The term “avant-garde,” derived from the “advance guard” of an army, emphasizes the militant, oppositional stance of the early twentieth-century art movements it came to describe. The Oxford English Dictionary defines avant-garde as:
- The foremost part of an army; the vanguard or van.
- The pioneers or innovators in any art in a particular period.
- 1910 Daily Tel. 1 July 14/6 The new men of mark in the avant-garde.
The OED’s first recorded usage of avant-garde in relation to the arts emphasizes masculine virility: the “new men of mark” were remarkable and visible because they stood at the forefront of culture. Implicitly white and able-bodied, they could make a mark by opposing cultural institutions because they had cultural power.
Today, avant-garde is colloquially applied to anything new or experimental, especially in the arts. Scholars use the term historical avant-garde to refers to early twentieth-century, European, predominantly white, male-dominated art movements such as Futurism, Cubism, Dada, and Surrealism. These experimental movements opposed bourgeois values and tastes, seeking to challenge and shock their audiences. They chronicled their exhibitions, publications, and performances, generating their own heroic histories and archives. Although women played major parts in the historical avant-garde, they tend to be omitted from its definitions, histories, and theories.
Mina Loy offers a case in point. Just as her career does not conform to linear narratives, so her life and work do not fit neatly into theories and histories of the avant-garde. She participated in nearly every avant-garde movement of the early 20th century—including Futurism, Dada, and Surrealism—yet was contained by none. “She was the avant-garde poster girl,” notes Cristanne Miller, “seen in her work, her appearance, and her life to represent the arts, the movement, and the times” (18). Yet whereas scholarship on Loy almost invariably mentions her participation in international avant-garde circles, studies and anthologies of Futurism, Dada, and Surrealism rarely include Loy.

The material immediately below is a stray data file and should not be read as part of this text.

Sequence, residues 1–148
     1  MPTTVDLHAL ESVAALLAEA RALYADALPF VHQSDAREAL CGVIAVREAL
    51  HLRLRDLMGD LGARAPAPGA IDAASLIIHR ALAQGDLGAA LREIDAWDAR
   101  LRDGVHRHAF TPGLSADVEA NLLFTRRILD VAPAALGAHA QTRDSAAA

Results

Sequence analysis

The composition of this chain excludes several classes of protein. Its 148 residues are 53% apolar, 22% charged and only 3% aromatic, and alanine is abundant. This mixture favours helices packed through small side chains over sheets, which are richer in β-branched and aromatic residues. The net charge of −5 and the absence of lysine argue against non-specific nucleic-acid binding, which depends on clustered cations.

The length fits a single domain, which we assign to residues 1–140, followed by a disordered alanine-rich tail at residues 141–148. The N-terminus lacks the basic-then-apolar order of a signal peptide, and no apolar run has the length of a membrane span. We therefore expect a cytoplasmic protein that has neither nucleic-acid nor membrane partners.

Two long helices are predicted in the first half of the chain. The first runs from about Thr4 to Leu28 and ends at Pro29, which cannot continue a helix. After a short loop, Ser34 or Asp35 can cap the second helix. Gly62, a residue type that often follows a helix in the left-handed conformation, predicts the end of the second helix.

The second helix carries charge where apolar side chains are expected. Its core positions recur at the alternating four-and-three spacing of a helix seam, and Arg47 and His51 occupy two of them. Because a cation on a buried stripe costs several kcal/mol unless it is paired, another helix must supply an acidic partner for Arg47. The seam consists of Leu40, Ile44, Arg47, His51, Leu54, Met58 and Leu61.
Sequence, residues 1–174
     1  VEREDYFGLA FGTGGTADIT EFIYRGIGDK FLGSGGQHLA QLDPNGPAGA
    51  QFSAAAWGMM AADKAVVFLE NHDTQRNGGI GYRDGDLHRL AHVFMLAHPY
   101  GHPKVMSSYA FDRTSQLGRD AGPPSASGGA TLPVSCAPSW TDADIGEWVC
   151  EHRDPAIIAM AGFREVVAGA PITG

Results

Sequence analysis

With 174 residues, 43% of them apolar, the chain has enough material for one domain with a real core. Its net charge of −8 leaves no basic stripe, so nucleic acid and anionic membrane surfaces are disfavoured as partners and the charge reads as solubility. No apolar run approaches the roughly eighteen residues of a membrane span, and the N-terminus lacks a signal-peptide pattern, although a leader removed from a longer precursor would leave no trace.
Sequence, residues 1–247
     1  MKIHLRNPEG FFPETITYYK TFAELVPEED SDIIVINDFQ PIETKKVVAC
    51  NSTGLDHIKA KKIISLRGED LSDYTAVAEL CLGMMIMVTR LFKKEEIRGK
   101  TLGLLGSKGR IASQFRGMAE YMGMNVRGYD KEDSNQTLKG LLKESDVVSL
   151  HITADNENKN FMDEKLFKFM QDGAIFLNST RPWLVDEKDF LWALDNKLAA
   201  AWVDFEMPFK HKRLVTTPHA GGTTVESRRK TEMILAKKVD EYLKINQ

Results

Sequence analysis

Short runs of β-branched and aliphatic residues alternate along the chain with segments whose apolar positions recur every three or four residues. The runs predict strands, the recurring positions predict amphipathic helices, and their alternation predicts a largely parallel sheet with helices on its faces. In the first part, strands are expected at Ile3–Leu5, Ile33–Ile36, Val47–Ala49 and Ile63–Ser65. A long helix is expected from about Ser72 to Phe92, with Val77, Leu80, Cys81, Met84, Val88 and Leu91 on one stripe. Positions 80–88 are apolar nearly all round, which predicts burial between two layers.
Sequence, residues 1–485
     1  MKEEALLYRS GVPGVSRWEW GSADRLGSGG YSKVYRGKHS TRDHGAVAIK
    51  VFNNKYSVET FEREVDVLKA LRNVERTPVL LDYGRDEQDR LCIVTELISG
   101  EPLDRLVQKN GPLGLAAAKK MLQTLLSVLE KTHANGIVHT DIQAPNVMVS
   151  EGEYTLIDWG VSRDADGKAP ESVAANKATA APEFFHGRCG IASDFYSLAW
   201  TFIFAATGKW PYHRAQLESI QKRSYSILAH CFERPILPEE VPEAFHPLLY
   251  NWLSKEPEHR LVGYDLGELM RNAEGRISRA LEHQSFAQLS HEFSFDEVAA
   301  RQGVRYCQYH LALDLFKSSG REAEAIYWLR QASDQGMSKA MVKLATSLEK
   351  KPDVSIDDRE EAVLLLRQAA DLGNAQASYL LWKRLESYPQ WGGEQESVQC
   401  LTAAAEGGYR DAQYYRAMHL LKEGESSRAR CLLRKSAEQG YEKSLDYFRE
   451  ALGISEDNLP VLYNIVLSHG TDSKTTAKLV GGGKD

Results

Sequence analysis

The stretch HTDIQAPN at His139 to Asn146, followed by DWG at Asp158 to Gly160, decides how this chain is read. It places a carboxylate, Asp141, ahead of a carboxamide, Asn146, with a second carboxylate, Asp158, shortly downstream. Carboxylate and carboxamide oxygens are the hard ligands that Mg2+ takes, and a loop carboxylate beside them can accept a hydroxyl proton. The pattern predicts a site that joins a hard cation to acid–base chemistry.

Take, for example, this archival photograph, published in the New York Times Style Magazine in 2016, nearly a century after the moment it records. The photograph depicts an avant-garde gathering in Constantin Brancusi’s Paris studio in 1921 (from left to right: the artist Brancusi, Dadaist and poet Tristan Tzara, the photographer Berenice Abbott, poet and artist Mina Loy, Little Review publisher Jane Heap, and Little Review editor Margaret Anderson). As reproduced in Style Magazine, this iconic photograph typifies Mina Loy’s position in the avant-garde. She is a central, animating, illuminating presence, yet she is also a ghostly spectre, mentioned only in a caption and never in the article.
Mina Loy’s position is representative of women in the historical avant-garde. Although women played major parts, they have been relegated to supporting roles in its lore—posed in a photograph, mentioned in a caption, or deposited in a slim folder in the archive of a celebrated male associate. While Marcel Duchamp’s role as an avant-garde provocateur who was central to several movements but who resisted strict affiliation with any particular movement has been amply chronicled and celebrated, Loy’s similar role and trajectory, fueled by her feminist perspective, has contributed instead to her marginality. Loy’s interest in avant-garde experiment was shaped by feminism, gender, and sexuality, and led her to self-consciously assume a position on the margins of avant-garde movements. Her ambivalent stance of interested but critical, feminist detachment typified the relationship of many women to the historical avant-garde, who did not fit comfortably in existing roles. Moreover, as Stephen Ross points out, women often “had their work appropriated and displayed by men as their own,” and influential men like Ezra Pound “tried to destroy powerful female poets like Amy Lowell.”1
For women artists, working in the margins often offered an escape from oppressive conventions of femininity and masculinist standards of achievement. As James Martin Harding explains, “performance in the margins can legitimately be characterized as a site of resistance against the compromises and acquiescences to the normative values that are demanded in the mainstream” (3). But self-conscious marginality runs risks of obscurity and neglect, especially for women: “However romantically or idealistically conceived, the margins are less a site of choice than of exile” (Harding 4). The word neglect comes from the Latin “neg-” and “-legere,” meaning to be unread, which has too often been the fate of women writers.2